Posts Tagged ‘art fairs’
Posted by artradar on October 10, 2010
ART PRICE DATABASE DEALER NEWS
Artnet group, the leading art price database and online art auction company has chosen the year 2010 to branch out into a brand new venture: art dealing. And it chose a surprising venue for its debut.
Artnet booth at Hong Kong International Art and Antiques Fair 2010.
In a brief chat with Max Wolf, Modern and Contemporary Specialist in the Artnet booth at Hong Kong International Art and Antiques Fair 2010, Art Radar learned more about the ambitious plans Artnet has to break into high-priced art dealing and what has surprised the Artnet representatives about the collectors they have met on their first visit to Hong Kong.
Most people know you from your Price Database but this is a new venture?
It has spawned from our online auctions. We found a need to extend from our private treaties with dealers and collectors and a lot of the galleries on our website who perhaps don’t want to sell the work on the website, perhaps because it is a more significant work.
Yes, so this is the first time that we are showing work which we are not necessarily putting online for sale.
This is the first time you are in a fair?
Why did you choose this fair?
It seemed to align itself with this collection we are offering … this complete set of Warhols.… Hong Kong seemed like an ideal venue and it just serendipitously worked out with the timing that it just made sense…
Right. So how has your experience been?
Great, we have had considerable interest from a handful of collectors. We shall see; today should be pretty revealing…. We took the less-is-more approach and I think this has worked out well for us. We have this Warhol portfolio, a Haring, another Warhol and two Ashers.
What do you propose to do with this new arm? What do you hope for your new venture?
Sales! Of course. (laughs)
And apart from that (laughs) do you plan to go to more fairs in the future?
Which fairs would you like to try?
Well, depending on how this works out…. But with our online auctions and our private treaty sector of the business this seems like the natural progression for us.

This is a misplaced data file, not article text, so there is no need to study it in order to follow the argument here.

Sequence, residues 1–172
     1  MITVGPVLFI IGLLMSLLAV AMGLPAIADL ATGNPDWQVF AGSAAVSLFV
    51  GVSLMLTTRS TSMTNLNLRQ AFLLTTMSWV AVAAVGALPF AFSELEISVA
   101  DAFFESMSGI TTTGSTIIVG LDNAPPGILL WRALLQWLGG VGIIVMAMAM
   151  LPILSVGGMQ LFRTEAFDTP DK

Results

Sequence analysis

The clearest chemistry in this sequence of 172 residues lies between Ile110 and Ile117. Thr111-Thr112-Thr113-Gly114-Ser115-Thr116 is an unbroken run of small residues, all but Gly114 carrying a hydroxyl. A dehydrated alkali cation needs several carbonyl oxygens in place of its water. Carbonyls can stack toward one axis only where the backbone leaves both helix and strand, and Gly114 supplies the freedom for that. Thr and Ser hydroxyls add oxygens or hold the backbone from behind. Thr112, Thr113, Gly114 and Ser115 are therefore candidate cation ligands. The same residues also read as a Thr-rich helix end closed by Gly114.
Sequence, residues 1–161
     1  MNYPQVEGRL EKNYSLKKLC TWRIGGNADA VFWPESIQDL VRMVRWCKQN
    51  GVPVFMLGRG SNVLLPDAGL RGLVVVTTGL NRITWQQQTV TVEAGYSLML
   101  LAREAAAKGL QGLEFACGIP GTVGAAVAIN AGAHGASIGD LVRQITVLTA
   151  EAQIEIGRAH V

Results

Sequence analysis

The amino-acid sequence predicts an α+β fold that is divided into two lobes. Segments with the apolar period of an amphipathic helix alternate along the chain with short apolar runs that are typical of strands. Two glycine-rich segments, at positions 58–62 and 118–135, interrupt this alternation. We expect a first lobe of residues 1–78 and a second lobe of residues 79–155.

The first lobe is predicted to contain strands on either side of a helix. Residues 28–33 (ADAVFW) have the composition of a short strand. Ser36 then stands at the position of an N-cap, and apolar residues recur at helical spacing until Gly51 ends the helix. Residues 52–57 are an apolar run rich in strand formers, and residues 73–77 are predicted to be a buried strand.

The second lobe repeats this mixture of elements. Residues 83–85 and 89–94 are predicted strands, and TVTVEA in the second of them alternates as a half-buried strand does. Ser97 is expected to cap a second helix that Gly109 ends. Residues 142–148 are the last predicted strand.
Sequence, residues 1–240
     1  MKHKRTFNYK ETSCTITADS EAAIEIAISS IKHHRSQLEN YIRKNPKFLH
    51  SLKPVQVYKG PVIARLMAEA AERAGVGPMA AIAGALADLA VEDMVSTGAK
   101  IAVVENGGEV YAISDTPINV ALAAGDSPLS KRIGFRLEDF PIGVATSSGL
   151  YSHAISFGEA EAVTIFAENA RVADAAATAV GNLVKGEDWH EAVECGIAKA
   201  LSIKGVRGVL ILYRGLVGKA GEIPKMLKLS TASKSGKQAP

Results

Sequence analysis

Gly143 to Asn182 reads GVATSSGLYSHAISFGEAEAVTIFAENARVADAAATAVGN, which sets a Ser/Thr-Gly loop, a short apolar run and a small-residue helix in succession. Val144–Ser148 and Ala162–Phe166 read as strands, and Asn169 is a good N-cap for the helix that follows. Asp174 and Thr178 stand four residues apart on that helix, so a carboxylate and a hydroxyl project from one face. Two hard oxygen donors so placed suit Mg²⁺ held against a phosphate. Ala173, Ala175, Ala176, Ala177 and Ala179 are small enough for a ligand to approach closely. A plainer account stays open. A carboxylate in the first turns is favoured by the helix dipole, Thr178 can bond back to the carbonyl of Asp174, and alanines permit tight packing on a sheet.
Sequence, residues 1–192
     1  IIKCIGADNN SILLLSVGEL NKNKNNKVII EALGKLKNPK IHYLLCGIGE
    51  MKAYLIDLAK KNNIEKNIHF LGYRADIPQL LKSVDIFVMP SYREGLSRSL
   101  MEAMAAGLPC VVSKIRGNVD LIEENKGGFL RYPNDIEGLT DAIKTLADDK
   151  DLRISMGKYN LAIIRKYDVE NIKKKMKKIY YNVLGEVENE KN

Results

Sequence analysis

What is your background in art?
I am one of a handful of auction specialists with Artnet.
So you didn’t come from the art world to Artnet?
Yes, I came with an auction background and was hired by Artnet to become an online auction specialist. There are six of us specialising in photography, unique painting works and prints.
How is that going?
Our online auctions are doing really really well. It seems that we are a panacea for the economy in a downturn. We are useful to collectors who don’t want to wait six months to consign a piece to a bricks and mortar auction house and then wonder whether it will be bought in. And then they have to pay for shipping and insurance even if it is bought in. With us they send us a .jpeg and within two weeks have money in [their] pocket.
That is great, great for the art world, great for collectors.
It is great. We have really enjoyed seeing the diversity of buyers. We sell to a lot of dealers but we also sell to private collectors, new buyers [and] new young collectors from all over the world…. From Australia, Kazakhstan, from all over. You would be surprised at the breadth.
You must have a great deal of information about where new collectors are coming from, the data…
Yes, the data that our technical team can gather, where and when is pretty impressive…
Have you been to Hong Kong before?
What kind of collectors have you met over the last three days?
A wide variety but we have seen a considerable number of serious collectors from Taiwan. We were surprised…. We thought we would see more Mainlanders but we have seen Taiwanese and local Hong Kong collectors, some Koreans and Brits, but we were surprised by the size of the Taiwanese presence.
About Artnet services (source: Artnet website)
In the mid 1980s Artnet developed its first product, the Price Database. Today the Price Database has a broad base of customers dominated by major auction houses, art dealers, museums, and insurance companies. Representing auction results from over 500 international auction houses, the Price Database covers more than 4 million auction results by over 188,000 artists, ranging from Old Masters to Contemporary Art.In 1995 the company transitioned the Price Database to the Internet and introduced a second product, the online Gallery Network, building and hosting websites for art dealers and galleries on its platform. In 1999, the online auction business was launched and now has 60,000 collectors visiting the site each month.
Related Topics: auctions, Market watch, collectors, Hong Kong
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Posted in Auction staff, Auctions, Business of art, Hong Kong, Interviews, Market watch | Tagged: art auctions, art dealers, art dealing, art fairs, art Hong Kong, Artnet, HKIAAF, Hong Kong International Art and Antiques Fair, Max Wolf | 2 Comments »
Posted by artradar on September 1, 2010
ART EVENTS PROMOTING CONTEMPORARY ART ART SALES ART FAIRS ONLINE